How cool would it be to control the ‘weather’ of our minds – but like the outside weather, it is going to do what it’s going to do. When it comes to our minds, it seems to be just chatter, chatter, and more chatter! And unfortunately for most people, a lot of that chatter can make us feel badly about ourselves. So bad that it can negatively impact our mental health-- creating anxiety, worsening depression, or causing us to turn to unhealthy coping mechanisms. If there’s one thing I’ve learned from reading endless books from my favorite spiritual teacher and author, Ekchart Tolle, is that those thoughts aren’t you. They’re simply just clutter in the mind. Mental noise.
He taught me that your sense of being, you, are not your thoughts – you are the being behind those endless thoughts that are pretending to be you. To use an analogy: the sky is like your awareness, and the clouds are like your thoughts. You have the choice to believe or ignore those thoughts that are passing by.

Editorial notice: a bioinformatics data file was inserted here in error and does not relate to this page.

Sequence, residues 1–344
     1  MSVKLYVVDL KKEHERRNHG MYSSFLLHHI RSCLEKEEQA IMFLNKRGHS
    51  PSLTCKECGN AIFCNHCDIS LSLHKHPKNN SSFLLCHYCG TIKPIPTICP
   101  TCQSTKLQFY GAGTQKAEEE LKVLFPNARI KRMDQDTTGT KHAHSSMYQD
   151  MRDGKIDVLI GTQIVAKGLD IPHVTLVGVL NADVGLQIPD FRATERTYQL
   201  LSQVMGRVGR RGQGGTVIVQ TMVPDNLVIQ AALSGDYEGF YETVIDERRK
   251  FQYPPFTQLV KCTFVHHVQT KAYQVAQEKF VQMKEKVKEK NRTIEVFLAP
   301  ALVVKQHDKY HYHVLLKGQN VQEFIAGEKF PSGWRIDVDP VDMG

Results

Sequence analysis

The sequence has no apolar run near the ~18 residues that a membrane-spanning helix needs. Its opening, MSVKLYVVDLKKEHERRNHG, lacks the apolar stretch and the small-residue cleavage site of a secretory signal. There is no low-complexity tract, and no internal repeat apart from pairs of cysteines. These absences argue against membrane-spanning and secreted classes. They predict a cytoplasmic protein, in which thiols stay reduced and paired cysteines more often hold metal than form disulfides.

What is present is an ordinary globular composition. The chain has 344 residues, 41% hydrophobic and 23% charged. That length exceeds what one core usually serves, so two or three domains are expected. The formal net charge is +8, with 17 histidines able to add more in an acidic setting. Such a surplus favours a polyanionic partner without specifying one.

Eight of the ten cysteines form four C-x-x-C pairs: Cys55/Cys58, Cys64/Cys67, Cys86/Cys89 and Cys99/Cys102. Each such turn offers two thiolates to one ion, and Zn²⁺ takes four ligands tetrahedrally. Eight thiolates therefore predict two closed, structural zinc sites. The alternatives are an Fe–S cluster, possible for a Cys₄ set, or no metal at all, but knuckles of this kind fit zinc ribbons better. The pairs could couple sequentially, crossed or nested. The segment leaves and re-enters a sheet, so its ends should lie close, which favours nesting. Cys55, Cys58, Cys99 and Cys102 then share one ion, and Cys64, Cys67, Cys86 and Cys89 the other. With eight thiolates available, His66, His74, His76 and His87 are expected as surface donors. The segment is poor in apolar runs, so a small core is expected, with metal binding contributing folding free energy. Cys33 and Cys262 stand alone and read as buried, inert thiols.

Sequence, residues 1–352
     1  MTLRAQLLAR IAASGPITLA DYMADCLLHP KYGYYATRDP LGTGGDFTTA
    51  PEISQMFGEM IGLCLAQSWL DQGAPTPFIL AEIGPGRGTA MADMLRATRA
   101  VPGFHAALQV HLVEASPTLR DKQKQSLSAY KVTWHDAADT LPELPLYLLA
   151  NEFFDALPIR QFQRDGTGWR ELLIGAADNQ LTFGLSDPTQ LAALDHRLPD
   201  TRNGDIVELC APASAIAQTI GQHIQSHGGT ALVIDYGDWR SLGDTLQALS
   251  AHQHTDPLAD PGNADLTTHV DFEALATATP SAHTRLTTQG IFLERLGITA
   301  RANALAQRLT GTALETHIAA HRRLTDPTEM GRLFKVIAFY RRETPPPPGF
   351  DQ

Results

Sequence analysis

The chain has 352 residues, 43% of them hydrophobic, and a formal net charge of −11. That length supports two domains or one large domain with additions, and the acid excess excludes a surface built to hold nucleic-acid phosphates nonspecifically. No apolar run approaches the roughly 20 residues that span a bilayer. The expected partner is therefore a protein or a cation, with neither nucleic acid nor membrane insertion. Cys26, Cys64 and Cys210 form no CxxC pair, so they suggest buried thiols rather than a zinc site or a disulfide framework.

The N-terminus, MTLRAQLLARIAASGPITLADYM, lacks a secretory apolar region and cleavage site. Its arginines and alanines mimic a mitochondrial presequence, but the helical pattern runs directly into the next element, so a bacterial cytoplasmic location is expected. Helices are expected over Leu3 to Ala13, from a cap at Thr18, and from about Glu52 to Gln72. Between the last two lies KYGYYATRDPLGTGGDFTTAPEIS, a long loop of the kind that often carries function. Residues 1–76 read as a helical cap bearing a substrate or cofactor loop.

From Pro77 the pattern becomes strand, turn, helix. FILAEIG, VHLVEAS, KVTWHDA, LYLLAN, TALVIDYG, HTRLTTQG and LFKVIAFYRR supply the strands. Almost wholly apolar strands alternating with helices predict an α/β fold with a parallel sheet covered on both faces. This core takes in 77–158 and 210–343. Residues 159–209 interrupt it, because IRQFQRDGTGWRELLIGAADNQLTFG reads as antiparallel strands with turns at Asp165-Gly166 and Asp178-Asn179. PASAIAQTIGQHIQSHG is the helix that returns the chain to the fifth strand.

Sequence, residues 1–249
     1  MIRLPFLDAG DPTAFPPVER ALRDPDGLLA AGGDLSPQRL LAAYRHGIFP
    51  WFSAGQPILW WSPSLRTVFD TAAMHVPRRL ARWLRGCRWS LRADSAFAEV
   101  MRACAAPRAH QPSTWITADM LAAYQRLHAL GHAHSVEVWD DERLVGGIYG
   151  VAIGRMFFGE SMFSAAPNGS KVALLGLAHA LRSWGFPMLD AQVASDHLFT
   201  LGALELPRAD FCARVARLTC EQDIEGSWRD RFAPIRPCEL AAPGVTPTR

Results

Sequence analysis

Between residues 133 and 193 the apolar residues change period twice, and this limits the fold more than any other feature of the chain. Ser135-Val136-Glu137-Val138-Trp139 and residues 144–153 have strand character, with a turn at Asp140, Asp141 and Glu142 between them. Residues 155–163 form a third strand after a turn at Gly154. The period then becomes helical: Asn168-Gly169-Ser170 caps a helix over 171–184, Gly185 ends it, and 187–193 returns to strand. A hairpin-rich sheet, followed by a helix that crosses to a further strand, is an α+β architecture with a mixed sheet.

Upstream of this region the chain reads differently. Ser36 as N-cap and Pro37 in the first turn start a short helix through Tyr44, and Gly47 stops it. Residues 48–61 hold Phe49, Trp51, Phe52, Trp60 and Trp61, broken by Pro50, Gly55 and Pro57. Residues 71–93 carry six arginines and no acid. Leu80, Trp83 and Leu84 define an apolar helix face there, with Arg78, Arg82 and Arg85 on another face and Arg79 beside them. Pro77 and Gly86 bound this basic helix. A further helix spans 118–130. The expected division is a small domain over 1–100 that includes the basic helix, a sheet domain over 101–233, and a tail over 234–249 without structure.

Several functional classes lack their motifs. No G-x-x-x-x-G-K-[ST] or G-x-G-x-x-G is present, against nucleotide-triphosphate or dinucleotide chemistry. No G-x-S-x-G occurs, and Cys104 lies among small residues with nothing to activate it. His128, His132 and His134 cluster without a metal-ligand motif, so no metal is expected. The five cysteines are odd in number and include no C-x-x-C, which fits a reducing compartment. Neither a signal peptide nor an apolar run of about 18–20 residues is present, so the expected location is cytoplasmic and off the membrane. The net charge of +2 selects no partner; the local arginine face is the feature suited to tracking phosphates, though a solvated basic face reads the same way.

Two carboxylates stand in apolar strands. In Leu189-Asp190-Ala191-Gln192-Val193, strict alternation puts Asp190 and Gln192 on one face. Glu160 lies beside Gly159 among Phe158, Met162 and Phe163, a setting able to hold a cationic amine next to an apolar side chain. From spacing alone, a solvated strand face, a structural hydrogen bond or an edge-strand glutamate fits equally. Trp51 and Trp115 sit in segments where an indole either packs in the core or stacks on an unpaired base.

I’ve learned that questioning the validity of your thoughts is a skillful way to adjust the ‘weather’ of our minds, steering them away from becoming a storm. As author Byron Katie puts it, all of this suffering we put on ourselves is not reality. So when negative thoughts arise, she tells us to ask ourselves:
- Is it true?
- Can you absolutely know it's true?
- What would happen if you believed that thought?
- Who would you be without that thought?
Then, she asks us to turn that thought around with the exact opposite of the negative thought.
We can be the worst enemy, the biggest bully, or the meanest prison guard to ourselves. But why create suffering when it’s not even true? Thoughts are fine to have – as long as you don't confuse them with who you are. So the next time those pesky negative thoughts arise, try to think of yourself as the sky, and allow the clouds (thoughts) to come and go. Watch them pass by without judging or attaching them to yourself, because as Eckhart Tolle says, “to realize that you are not your thoughts is the start of awakening joyful life.”
~Amy Pezzente, Eating Disorders Project Coordinator